Anthropocene brings some of the best minds to bear on tough questions about the future of the Earth’s largest ecosystems: Should nations farm their EEZs—and how can they do it ecologically? Are there economically viable ways to harvest plastic waste? Can we cultivate acid- and heat-resilient coral reefs?
Replacing wild-caught fish with lab-grown seafood is more complex than it may at first appear
A cancer-detecting device can be used to identify fish species in just 15 seconds
Big fish sinking to the bottom of the sea could sequester millions of tons of carbon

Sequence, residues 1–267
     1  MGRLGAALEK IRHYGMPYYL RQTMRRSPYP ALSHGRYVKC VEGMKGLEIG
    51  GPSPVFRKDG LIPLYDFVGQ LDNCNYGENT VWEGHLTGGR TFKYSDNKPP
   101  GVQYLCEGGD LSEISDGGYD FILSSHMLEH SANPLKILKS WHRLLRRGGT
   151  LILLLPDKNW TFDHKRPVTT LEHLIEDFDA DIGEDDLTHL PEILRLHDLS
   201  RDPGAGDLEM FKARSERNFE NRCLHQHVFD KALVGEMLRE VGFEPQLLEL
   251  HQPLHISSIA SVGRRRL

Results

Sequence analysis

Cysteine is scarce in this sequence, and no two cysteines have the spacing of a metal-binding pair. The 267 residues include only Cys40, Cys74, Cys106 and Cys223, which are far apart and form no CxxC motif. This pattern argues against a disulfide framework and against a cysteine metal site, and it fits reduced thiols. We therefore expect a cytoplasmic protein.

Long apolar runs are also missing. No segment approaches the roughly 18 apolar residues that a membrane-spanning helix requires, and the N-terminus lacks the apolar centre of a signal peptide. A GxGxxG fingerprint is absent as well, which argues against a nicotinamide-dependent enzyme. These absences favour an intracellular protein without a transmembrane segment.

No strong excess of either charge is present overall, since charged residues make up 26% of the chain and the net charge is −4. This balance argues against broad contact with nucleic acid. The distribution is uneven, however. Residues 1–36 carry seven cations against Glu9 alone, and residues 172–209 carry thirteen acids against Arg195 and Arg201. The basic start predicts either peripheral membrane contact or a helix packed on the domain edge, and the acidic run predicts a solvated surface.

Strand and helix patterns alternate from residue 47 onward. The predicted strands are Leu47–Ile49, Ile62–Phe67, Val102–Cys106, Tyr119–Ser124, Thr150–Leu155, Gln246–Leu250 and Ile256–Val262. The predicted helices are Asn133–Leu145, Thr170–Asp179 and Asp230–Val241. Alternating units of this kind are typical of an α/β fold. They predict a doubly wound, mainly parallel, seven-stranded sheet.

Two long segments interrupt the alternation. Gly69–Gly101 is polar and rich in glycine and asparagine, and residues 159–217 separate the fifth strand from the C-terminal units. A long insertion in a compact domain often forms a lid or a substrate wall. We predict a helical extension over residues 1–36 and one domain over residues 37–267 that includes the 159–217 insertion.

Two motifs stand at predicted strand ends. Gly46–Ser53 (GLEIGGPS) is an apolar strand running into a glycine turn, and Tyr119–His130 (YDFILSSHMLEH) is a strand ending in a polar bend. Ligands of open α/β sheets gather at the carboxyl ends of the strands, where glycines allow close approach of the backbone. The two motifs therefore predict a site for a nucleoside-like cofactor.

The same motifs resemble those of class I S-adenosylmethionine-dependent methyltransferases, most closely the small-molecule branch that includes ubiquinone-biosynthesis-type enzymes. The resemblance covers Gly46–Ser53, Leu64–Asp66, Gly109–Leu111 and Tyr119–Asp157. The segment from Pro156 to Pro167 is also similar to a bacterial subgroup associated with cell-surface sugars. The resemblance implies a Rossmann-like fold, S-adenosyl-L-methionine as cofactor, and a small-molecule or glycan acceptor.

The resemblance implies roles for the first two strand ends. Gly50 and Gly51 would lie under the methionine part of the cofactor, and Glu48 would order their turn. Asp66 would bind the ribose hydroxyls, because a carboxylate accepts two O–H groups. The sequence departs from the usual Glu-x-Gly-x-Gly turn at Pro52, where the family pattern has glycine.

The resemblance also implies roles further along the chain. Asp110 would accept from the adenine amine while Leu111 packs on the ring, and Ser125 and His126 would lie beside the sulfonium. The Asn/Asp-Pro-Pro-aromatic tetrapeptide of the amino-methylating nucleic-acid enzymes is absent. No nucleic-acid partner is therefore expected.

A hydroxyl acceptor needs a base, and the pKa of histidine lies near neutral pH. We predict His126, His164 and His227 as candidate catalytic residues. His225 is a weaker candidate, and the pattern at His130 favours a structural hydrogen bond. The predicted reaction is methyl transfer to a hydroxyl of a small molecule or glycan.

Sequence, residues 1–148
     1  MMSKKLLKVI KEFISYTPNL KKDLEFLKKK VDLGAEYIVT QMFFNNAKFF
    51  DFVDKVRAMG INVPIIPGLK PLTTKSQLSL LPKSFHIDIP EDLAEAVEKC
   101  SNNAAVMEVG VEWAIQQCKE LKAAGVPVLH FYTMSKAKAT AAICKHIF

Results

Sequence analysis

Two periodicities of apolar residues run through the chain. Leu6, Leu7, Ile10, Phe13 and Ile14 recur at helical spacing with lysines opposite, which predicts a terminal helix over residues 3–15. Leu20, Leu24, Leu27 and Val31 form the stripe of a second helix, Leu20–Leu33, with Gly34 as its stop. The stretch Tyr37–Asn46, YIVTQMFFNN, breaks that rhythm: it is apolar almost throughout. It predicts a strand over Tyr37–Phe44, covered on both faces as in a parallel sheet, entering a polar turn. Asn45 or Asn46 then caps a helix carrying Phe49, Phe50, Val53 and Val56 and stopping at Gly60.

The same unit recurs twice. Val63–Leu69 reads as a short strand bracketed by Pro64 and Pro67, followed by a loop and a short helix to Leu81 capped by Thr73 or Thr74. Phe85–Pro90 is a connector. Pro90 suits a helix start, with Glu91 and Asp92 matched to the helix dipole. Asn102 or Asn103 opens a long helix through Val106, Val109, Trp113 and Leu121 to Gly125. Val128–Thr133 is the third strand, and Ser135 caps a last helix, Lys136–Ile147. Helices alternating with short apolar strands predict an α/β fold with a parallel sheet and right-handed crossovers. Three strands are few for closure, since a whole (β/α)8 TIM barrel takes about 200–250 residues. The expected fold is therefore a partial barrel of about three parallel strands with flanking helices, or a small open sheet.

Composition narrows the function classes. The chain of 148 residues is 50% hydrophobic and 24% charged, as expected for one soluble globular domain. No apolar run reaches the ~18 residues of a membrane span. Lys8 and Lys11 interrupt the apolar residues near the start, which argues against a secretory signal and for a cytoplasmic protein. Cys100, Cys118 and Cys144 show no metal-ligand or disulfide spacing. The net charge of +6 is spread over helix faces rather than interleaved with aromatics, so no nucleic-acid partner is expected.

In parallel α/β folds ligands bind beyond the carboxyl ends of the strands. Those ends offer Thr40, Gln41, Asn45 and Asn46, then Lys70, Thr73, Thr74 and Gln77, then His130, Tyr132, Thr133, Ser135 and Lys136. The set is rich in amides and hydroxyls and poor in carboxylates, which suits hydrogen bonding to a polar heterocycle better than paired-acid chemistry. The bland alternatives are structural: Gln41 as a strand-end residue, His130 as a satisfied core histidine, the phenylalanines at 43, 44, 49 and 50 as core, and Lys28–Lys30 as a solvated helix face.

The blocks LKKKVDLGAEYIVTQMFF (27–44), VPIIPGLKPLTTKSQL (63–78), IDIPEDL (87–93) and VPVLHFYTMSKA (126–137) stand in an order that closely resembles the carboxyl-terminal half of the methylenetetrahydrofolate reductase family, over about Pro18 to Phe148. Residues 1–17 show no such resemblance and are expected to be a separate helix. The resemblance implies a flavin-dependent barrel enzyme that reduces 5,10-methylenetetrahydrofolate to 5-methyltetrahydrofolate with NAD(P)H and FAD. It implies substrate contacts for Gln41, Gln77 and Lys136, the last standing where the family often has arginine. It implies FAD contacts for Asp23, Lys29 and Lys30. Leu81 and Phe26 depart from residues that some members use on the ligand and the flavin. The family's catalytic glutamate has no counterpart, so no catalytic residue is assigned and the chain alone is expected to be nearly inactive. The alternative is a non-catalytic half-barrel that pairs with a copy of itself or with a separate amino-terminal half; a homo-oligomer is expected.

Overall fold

That more diverse an aquatic area, the more nutrients make it to our plates
Like it or not, retreat from the coasts has begun. The only question left is whether it will be managed or chaotic.
If coastal cities planted clam beds along the urban edge, they could save millions in nitrogen clean-up costs
A research team calculated how strategically-planted beds of seaweed could help to clean up one of the world’s most polluted coastal environments, the Gulf of Mexico
Now that whaling has been outlawed for decades, populations are beginning to heal—but they face new threats.
Researchers calculate that protecting just 5% more of the ocean could boost fisheries by as much as 20%.
Should the U.S. cultivate giant offshore fish farms in its piece of the sea or keep taking most of the fish we eat from foreign waters?